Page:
Wilmington, North Carolina’s largest coastal community, is rightfully proud of its clean air — a selling point officials in the fast-growing region openly use to lure new residents and companies to the Cape Fear Coast.
Thanks to the sea breezes from the nearby Atlantic and federal and state steps over recent decades to reduce emissions from power plant smokestacks and vehicle tailpipes, the Port City regularly ranks near the top of the American Lung Association’s State of the Air annual report. In 2022’s report, released last month, Wilmington came in at No. 2 in the country for cities with the cleanest air for year-round particulate pollution — just behind Cheyenne, Wyoming.
“Years of scientific research have clearly established that particle pollution and ozone are a threat to human health at every stage of life, increasing the risk of premature birth, causing or worsening lung and heart disease, and shortening lives,” the report states.
But a new study from the National Oceanic and Atmospheric Administration published this month found that aggressive efforts to reduce particle emissions, while offering a whole host of health benefits, could also be attracting something else that the North Carolina coast knows plenty about: hurricanes.
Dr. Hiroyuki Murakami, a physical scientist with NOAA’s Geophysical Fluid Dynamics Laboratory in Princeton, New Jersey, and author of the research paper published in Science Advances, said aggressive efforts by Western countries to reduce emissions has lead to an estimated 50% drop in particulate pollution concentrations in the Northern Hemisphere’s atmosphere between 1980 and 2020.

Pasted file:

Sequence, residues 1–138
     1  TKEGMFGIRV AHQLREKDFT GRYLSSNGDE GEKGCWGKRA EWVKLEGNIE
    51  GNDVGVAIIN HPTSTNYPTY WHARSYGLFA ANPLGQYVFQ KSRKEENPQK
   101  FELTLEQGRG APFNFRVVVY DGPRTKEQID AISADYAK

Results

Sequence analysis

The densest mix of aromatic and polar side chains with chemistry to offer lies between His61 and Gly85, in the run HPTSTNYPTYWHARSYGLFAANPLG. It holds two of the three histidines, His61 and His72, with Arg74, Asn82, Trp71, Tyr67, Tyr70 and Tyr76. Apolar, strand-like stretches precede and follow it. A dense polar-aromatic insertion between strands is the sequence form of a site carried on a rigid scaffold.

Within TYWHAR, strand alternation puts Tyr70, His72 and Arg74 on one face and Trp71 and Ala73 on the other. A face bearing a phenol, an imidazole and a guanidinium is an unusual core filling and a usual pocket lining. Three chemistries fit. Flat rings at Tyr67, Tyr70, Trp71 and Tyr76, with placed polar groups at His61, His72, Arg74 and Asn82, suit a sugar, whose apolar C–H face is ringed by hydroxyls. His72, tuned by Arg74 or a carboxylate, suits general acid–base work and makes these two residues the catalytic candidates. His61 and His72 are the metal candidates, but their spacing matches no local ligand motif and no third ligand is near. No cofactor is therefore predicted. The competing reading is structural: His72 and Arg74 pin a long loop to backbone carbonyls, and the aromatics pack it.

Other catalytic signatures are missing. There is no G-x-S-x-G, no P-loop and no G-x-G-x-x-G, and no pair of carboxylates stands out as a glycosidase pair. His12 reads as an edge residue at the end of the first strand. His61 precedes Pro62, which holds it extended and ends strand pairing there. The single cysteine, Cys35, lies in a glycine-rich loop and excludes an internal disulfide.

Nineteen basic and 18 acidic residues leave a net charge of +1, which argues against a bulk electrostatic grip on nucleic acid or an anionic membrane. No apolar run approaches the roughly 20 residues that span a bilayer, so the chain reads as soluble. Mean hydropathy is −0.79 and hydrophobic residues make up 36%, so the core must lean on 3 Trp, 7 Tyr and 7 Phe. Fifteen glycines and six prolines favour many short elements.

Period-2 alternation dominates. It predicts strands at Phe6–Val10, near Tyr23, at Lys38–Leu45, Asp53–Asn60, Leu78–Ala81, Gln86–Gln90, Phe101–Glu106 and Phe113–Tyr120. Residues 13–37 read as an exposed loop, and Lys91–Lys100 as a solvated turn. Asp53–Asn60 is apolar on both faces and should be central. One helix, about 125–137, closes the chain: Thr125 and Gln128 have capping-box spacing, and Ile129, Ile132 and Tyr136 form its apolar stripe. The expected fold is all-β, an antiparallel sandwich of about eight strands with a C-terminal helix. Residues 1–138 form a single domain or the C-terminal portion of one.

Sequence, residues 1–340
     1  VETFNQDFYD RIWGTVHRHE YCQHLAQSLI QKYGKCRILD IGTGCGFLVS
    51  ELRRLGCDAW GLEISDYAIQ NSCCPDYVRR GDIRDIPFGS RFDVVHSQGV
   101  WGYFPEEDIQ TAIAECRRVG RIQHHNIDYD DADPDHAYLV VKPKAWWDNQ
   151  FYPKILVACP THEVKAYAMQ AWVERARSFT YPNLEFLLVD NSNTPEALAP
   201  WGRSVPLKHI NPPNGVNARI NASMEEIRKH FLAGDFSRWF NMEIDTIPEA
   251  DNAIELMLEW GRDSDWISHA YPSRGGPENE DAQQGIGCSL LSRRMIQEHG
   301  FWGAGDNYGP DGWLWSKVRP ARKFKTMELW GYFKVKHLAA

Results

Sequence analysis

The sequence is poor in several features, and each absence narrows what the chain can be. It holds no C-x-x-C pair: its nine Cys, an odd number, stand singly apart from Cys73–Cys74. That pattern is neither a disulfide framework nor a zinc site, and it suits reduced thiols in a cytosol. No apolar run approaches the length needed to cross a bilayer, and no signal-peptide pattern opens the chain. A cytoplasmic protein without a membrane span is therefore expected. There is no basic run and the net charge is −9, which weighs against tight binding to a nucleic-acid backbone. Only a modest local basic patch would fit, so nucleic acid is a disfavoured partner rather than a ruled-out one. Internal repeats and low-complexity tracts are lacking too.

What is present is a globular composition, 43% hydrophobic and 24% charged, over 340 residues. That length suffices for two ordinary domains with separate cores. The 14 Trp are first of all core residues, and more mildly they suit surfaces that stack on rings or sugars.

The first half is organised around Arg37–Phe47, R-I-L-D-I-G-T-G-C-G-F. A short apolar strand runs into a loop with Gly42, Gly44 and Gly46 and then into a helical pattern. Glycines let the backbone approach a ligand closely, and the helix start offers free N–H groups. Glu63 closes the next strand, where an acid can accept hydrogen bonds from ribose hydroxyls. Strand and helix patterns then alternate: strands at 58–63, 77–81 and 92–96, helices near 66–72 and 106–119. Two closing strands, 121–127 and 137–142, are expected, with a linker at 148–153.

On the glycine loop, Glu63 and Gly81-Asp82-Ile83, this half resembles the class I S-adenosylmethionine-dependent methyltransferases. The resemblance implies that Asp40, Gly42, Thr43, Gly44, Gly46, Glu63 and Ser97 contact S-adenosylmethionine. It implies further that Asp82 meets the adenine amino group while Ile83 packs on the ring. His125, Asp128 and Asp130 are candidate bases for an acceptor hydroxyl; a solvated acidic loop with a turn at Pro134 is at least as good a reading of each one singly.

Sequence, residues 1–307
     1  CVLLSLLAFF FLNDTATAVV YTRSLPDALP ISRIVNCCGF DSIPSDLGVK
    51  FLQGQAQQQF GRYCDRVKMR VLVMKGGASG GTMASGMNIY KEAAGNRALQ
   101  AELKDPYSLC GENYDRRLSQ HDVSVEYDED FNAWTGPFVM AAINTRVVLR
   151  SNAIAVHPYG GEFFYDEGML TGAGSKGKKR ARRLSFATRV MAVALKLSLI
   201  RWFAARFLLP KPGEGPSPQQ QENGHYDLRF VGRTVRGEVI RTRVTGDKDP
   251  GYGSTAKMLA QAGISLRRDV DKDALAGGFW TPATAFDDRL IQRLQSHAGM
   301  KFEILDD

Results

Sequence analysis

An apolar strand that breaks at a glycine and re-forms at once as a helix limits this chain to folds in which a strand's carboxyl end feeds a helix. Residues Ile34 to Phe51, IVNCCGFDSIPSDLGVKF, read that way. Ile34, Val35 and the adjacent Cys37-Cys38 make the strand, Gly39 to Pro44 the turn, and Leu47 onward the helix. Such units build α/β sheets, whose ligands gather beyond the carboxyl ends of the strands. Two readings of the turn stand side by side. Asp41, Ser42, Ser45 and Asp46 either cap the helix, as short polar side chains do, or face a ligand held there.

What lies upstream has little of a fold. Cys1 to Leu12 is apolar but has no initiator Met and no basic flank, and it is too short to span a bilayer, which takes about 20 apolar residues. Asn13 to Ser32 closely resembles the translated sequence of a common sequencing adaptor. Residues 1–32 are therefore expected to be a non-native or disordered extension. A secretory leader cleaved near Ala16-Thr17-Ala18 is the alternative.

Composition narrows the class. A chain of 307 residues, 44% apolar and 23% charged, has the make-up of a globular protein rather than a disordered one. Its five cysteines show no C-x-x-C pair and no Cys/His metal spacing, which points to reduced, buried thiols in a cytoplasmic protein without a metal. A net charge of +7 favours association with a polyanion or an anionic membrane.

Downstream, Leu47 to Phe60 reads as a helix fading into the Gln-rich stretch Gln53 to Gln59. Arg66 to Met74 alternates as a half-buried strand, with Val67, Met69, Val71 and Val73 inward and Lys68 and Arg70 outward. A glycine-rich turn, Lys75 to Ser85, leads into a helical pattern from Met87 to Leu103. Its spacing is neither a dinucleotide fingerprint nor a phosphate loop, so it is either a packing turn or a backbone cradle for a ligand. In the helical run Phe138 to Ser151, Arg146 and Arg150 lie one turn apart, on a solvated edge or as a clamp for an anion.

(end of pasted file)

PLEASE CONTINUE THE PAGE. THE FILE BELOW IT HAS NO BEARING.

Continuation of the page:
Overall, that’s good news for the environment and human health.
But, Murakami said, the formation of tropical storms and hurricanes involves a host of factors, including greenhouse gases and natural variability, that impact each other in several ways. One of these factors is the amount of dirty soot in the atmosphere because of what it does — or in this case, no longer does. Less particulate matter in the atmosphere is allowing more sunlight to reach the ocean surface. That, in turn, allows the oceans to warm faster, which feeds storm formation.
Murakami said a warming Atlantic has been a key reason for a 33% increase in the number of tropical cyclones in the past 40 years.
“This was something that was very surprising to me,” he said. “We hadn’t expected to see that.”
The improving air quality is also having another impact: pulling the jet stream farther north. That means hurricanes that might have made landfall somewhere in Florida or the Carolinas can now potentially menace the New York and New England coasts, putting coastal cities and residents unused to dealing with tropical-driven storms in harms way. A more northerly path for the jet stream also reduces the chance of wind shear in the tropics, giving storms a better chance of forming.
The northern Pacific region, another hotbed for tropical storm formation, is seeing an opposite impact from air pollution. In this case, the increasingly dirty air over Southeast Asia, fueled in large part by the rapid industrialization of China and India in recent decades, is hampering the development of tropical cyclones. Murakami said his research found the frequency of storms forming in the western North Pacific is down 14% in recent decades.